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December 4, 2023

Editor’s note: Sultan al-Jaber insists he is ‘serious’ about climate science

Sultan al-Jaber, COP28 president
COP28 president Sultan al-Jaber says his presidency is a ‘genuine and sincere attempt’ to deliver climate action with 1.5C as his ‘north star’ (Photo: Stuart Wilson/COP28 via Getty Images)

The latest edition of our Sustainable Views newsletter

Dear reader,

Announcements from COP28 in Dubai haven’t stopped this weekend as world leaders pledged to do more to reduce greenhouse gas emissions, agreed steps to potentially hasten an end to coal, and promised various amounts of funding and finance instruments for climate action, nature protection, renewables and adaptation. 

More commitments are coming today, deemed finance day, at COP28. Yet, the amounts needed to keep warming at the levels agreed in the Paris Agreement and avoid the worst impacts of climate change are staggering.

The figures in the second report by the Independent High-Level Expert Group on Climate Finance, co-chaired by economists Vera Songwe and Nicholas Stern, published at COP28 today show that by 2030, a fivefold increase in concessional finance, a threefold rise in multilateral bank finance, and a 15-fold increase in private climate finance for emerging markets and developing economies is needed (and investment in these regions is not going in the right direction).

And the elephant in the room of every climate conference remains — fossil fuels. Unless the world agrees to phase them out in a managed way, the mantra of “keeping 1.5C alive” will simply become a slogan about which future generations may look back with nostalgia or anger. How many times do politicians and business leaders plan to stand up and describe the devastation that will be wrought by a warmer world, without agreeing to switch off the emissions tap?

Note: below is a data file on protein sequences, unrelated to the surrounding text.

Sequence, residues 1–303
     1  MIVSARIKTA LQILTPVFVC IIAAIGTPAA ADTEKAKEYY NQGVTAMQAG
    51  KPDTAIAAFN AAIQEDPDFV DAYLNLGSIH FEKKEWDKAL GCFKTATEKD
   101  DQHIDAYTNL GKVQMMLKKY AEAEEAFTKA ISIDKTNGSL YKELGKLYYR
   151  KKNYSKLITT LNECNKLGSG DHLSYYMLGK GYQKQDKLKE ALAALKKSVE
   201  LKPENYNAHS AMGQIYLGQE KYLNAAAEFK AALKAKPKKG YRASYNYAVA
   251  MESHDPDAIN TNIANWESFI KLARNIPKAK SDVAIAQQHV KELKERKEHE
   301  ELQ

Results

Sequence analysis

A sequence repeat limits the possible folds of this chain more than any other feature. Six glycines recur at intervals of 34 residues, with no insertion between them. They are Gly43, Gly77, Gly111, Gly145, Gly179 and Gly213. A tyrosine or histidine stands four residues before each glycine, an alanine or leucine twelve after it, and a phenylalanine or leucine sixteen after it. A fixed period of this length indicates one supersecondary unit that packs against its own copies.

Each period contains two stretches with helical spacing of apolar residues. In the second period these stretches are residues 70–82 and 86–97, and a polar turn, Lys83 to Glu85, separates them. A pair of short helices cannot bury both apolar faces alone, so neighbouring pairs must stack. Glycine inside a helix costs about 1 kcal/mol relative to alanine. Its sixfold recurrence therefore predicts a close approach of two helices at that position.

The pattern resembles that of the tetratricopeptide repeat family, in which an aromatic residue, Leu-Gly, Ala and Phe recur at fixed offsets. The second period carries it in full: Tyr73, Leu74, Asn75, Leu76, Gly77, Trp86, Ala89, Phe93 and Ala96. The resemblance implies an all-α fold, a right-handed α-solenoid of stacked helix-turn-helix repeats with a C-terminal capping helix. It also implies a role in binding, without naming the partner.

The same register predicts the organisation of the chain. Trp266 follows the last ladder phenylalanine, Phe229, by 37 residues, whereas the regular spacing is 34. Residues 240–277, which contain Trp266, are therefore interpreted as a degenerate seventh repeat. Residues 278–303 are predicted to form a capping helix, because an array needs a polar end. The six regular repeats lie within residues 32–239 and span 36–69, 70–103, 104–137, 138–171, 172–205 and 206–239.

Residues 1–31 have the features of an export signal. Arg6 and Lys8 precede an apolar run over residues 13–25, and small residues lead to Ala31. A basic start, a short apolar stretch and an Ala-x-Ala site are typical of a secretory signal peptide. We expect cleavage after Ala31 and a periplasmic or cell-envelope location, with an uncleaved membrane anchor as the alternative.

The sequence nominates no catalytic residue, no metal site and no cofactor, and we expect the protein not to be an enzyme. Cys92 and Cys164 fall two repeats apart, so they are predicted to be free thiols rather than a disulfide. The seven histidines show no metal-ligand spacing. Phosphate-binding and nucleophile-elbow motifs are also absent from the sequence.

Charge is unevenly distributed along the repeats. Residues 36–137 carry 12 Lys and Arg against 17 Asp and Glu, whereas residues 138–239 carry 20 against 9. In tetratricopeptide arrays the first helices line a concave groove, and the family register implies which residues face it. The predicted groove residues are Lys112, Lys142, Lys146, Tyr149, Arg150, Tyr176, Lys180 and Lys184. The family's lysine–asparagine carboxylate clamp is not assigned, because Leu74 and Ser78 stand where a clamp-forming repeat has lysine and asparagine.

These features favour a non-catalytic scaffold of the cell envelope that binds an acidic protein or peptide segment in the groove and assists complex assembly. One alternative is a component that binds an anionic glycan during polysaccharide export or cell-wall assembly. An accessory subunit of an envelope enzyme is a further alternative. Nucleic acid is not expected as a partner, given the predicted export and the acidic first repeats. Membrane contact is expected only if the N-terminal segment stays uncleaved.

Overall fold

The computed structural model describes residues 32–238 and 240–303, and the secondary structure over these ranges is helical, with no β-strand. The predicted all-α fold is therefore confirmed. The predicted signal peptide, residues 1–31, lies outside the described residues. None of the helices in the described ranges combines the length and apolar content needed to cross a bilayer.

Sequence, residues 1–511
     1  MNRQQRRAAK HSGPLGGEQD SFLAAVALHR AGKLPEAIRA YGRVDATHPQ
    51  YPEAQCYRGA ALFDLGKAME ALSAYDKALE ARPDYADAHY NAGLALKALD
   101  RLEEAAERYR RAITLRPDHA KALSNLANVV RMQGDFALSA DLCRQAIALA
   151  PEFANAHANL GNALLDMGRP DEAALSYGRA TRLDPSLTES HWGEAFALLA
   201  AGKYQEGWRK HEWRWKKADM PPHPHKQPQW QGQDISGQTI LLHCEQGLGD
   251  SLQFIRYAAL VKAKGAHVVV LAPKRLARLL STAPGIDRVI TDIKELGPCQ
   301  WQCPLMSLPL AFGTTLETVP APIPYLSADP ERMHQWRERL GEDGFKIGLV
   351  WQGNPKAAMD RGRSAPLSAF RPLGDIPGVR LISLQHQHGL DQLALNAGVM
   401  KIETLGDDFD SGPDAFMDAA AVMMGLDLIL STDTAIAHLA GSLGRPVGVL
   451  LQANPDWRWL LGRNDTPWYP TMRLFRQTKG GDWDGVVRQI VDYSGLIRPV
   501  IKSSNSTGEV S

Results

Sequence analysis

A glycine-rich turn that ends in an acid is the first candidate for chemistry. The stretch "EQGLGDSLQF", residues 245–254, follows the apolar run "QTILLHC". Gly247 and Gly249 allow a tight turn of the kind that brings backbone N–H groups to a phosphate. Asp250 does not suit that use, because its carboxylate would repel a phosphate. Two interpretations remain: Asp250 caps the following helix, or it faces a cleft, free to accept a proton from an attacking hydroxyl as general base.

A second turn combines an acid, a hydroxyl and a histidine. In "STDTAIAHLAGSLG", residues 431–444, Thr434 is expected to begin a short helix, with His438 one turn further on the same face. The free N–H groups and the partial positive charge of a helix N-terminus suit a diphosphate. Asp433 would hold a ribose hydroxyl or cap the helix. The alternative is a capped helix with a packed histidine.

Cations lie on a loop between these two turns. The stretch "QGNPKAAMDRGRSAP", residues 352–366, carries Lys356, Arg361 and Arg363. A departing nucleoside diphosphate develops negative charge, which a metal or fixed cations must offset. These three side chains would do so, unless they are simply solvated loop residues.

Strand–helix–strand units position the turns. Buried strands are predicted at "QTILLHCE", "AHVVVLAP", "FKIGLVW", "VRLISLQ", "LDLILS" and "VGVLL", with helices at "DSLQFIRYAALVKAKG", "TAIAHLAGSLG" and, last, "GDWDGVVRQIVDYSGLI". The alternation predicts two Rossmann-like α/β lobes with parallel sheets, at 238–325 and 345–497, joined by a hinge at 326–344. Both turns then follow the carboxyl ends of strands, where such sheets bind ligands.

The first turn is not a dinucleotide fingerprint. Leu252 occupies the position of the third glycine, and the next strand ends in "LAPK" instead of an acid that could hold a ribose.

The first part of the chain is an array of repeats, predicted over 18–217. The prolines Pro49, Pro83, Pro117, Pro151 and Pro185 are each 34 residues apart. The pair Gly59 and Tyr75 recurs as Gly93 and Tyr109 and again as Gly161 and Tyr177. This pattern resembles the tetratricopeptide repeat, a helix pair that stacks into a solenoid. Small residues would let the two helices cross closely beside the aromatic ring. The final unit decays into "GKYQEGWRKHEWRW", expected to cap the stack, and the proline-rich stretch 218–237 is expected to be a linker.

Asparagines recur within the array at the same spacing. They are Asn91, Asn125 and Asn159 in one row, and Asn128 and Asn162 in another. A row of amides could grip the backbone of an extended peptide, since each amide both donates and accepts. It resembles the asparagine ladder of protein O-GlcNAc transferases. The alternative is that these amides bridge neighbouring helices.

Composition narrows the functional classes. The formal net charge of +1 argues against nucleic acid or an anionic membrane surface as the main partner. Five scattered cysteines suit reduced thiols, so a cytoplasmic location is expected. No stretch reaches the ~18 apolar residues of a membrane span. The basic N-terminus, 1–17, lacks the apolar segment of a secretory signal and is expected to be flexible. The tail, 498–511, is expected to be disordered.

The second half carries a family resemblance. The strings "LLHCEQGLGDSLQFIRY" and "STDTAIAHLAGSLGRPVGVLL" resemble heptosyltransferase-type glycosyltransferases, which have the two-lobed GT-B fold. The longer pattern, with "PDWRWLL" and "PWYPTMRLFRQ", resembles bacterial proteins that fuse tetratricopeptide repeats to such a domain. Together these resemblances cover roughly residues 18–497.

The headlines this weekend have been full of comments by the president of COP28, Sultan al-Jaber, claiming there is “no science” indicating that a phase-out of fossil fuels is needed to restrict global warming to 1.5C. Jaber said in a press conference today that he “respected the science” and that his COP presidency was a “genuine and sincere attempt” to deliver climate action with 1.5C as his “north star”.

“The phase down of fossil fuels is essential,” said Jaber, underlining that the process needs to be “orderly, fair, just and responsible and well managed”. 

Intergovernmental Panel on Climate Change chair Jim Skea reminded journalists that to limit global warming to 1.5C, by 2050 “fossil fuel use is greatly reduced and unabated coal is totally phased out”, while oil use is reduced by 60 per cent and natural gas use down by 45 per cent.

Jaber also said “oil and gas can do much more”. ExxonMobil chief executive Darren Woods told the FT this weekend that climate negotiations have “put way too much emphasis on getting rid of fossil fuels, oil and gas, and not … on dealing with the emissions associated with them”.

With all this in mind, the most important word of COP28 may well be “unabated”, and how far countries and companies are ready to go to reduce fossil fuels massively, or whether they plan to rely on technologies like carbon capture and storage, which, despite having existed for decades, are still yet to prove their emissions-cutting worth to keep oil and gas online.

Other countries like the UK, the EU and the US are vocal about renewables and developing clean technologies, but none have a clear plan on phasing down fossil fuels and many continue to make money, while producing huge amounts of emissions, from the extraction and export of oil and gas. A graph posted on LinkedIn by climate communicator Ketan Joshi shows Norway leading the world in terms of carbon dioxide emissions from fossil fuel exports.

And in the real world, policy decisions are being implemented that experts warn will slow down the move away from fossil fuels — not least trade decisions by the EU and the US as they aim to create “made at home” energy transitions and to attempt to turn their back on electric vehicles and solar panels from China. 

None of this undermines the pledges being made at COP28, but as David Miliband, the CEO of the International Rescue Committee and former UK foreign minister and environment secretary, insisted when I spoke to him last week, all countries need to ensure “action not words” to reduce emissions in line with climate models and provide the necessary funding.

Meanwhile, Aldo Bonati, stewardship and ESG networks manager at Etica Sgr, writes in Sustainable Views today about how global tax transparency is another part of the puzzle that needs solving if finance flows globally are to become more sustainable. And James covers the debt-for-nature and debt-for-climate swap task force, launched at COP28 today. 

Finally, Claudia has undertaken the heroic task of trawling through the many agreements that have been made at COP28 to bring you a succinct and relevant round-up. We’ll be doing the same tomorrow to ensure you don’t miss anything from finance day. Please do send over any thoughts from Dubai (or from your desk) if you want to share your reaction to anything happening at the conference. 

Until tomorrow,


Philippa Nuttall is the deputy editor of Sustainable Views

A service from the Financial Times